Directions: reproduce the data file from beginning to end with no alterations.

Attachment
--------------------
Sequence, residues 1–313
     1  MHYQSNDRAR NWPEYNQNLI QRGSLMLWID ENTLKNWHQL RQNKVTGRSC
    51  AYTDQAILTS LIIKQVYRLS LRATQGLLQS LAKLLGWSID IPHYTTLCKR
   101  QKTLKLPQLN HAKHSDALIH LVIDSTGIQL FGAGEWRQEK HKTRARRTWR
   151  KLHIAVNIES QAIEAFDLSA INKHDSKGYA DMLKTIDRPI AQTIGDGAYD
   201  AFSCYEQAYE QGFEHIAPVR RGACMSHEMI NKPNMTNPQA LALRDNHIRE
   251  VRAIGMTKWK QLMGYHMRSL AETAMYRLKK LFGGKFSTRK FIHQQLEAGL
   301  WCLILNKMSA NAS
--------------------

Sequence, residues 1–313
     1  MHYQSNDRAR NWPEYNQNLI QRGSLMLWID ENTLKNWHQL RQNKVTGRSC
    51  AYTDQAILTS LIIKQVYRLS LRATQGLLQS LAKLLGWSID IPHYTTLCKR
   101  QKTLKLPQLN HAKHSDALIH LVIDSTGIQL FGAGEWRQEK HKTRARRTWR
   151  KLHIAVNIES QAIEAFDLSA INKHDSKGYA DMLKTIDRPI AQTIGDGAYD
   201  AFSCYEQAYE QGFEHIAPVR RGACMSHEMI NKPNMTNPQA LALRDNHIRE
   251  VRAIGMTKWK QLMGYHMRSL AETAMYRLKK LFGGKFSTRK FIHQQLEAGL
   301  WCLILNKMSA NAS